More than 150 women and girls have come forward in the past 12 days to seek help in South Sudan after they were raped or suffered other forms of sexual violence, the heads of three UN agencies said Monday.
Armed men, many in uniform, carried out the attacks near the northern city of Bentiu, according to a joint statement from Henrietta Fore, who heads the UN children's agency UNICEF, UN aid chief Mark Lowcock and the director of the UN Population Fund, Natalia Kanem.
The three agencies condemned "these abhorrent attacks" and called on South Sudan authorities to ensure the perpetrators face justice.
Doctors Without Borders (MSF) last week said 125 women and girls had been raped while walking to emergency food distribution centers set up by international aid agencies.
At war since 2013, South Sudan has seen horrific levels of sexual violence.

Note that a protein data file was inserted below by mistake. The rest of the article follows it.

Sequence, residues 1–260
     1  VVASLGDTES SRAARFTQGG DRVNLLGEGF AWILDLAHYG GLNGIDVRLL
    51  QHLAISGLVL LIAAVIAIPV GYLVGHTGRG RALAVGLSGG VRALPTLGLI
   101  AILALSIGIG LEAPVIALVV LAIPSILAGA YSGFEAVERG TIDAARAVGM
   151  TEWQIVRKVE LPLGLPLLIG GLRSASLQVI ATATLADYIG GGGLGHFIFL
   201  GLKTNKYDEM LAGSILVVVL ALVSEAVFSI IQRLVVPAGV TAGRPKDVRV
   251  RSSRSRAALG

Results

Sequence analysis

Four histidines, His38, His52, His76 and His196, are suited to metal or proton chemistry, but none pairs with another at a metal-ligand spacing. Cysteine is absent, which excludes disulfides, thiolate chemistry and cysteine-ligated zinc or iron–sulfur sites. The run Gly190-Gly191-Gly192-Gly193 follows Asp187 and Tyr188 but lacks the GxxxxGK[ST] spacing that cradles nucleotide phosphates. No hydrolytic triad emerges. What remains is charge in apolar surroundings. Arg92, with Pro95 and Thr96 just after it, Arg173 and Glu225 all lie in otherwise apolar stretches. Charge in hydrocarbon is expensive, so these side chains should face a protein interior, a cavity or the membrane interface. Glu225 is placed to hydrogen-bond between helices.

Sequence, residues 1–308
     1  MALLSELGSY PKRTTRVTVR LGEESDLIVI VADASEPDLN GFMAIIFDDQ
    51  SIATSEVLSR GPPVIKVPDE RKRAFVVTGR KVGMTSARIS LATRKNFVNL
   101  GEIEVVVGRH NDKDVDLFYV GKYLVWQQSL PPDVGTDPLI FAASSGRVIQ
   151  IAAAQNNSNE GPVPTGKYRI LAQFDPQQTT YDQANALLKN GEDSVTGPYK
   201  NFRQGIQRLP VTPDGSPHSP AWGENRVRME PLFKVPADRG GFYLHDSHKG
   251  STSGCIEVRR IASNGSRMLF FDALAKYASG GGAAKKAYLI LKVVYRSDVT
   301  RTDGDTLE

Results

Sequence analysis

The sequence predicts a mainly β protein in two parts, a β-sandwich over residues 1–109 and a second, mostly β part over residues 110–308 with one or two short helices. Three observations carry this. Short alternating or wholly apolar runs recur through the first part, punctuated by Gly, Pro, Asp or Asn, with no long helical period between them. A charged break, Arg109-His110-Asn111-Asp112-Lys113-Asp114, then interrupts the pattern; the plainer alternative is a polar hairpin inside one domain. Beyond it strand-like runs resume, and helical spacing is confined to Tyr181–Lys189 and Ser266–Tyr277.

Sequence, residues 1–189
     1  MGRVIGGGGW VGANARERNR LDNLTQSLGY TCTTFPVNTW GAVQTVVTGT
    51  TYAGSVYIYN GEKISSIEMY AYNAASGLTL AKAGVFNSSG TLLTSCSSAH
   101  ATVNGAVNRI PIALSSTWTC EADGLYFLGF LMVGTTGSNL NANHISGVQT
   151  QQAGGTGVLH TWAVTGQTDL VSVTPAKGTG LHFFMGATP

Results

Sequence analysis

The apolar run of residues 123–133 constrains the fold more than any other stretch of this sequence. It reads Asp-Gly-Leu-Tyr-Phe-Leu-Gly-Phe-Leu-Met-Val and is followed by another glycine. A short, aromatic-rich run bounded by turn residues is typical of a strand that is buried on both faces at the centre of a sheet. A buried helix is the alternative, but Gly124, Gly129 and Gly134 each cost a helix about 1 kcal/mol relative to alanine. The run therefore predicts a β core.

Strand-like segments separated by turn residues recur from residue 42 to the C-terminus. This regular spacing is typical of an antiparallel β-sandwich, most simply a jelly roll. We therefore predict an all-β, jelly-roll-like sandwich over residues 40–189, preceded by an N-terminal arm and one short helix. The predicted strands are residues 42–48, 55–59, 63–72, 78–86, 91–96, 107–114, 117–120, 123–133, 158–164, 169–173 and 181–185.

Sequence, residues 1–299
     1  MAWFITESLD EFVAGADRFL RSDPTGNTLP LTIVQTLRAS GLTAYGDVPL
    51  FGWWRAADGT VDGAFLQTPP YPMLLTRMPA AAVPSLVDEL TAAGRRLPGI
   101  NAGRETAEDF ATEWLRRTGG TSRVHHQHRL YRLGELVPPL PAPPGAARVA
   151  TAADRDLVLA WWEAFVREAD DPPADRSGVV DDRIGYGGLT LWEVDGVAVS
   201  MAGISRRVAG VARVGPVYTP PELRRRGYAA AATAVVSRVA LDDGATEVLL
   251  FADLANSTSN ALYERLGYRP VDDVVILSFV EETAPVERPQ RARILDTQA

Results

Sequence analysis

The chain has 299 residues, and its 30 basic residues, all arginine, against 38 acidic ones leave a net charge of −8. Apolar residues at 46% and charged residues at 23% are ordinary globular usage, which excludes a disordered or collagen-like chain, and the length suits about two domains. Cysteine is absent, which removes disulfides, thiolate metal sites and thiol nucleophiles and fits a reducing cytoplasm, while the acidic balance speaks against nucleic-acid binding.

In the first half of 2018, some 2,300 cases were reported, the vast majority of those targeting women and girls. More than 20 percent of the victims were children, the UN statement said.
The three agencies said the actual number of rapes was far higher because the violence is severely underreported.
As well as being raped, MSF said many of the victims were "whipped, beaten or clubbed with sticks and rifle butts" and robbed of their clothes, shoes, money and the ration cards entitling them to food aid.
"In more than three years of working in South Sudan, I have never seen such a dramatic increase in survivors of sexual violence arriving at our programmes looking for medical care," said Ruth Okello, a MSF midwife in South Sudan.
A UN panel of experts last month said in a report to the Security Council that there were "alarming levels" of sexual violence and human rights abuses in South Sudan.
The council is due to discuss the crisis in South Sudan on December 18.